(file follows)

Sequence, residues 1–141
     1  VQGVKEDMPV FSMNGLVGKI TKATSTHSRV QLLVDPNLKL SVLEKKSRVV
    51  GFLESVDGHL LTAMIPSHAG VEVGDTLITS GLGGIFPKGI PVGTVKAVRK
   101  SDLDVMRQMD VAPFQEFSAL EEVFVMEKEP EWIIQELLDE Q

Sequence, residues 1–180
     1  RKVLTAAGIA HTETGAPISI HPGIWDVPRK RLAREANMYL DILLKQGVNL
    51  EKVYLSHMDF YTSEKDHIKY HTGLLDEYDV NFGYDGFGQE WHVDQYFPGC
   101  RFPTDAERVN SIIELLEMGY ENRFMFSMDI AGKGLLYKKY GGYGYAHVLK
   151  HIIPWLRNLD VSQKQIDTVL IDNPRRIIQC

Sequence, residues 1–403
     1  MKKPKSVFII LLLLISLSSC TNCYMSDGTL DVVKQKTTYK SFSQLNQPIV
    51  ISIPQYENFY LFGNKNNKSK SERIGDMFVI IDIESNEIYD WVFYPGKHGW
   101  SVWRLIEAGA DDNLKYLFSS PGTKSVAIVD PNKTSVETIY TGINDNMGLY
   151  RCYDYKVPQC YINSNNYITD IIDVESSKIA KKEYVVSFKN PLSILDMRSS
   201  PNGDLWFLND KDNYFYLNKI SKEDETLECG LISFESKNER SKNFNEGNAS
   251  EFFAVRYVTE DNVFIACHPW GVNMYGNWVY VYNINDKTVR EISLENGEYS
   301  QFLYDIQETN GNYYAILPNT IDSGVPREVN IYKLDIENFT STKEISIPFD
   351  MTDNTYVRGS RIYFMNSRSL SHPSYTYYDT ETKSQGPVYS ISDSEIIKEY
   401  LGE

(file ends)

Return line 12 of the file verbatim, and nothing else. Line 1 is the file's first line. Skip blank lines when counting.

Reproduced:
    51  ISIPQYENFY LFGNKNNKSK SERIGDMFVI IDIESNEIYD WVFYPGKHGW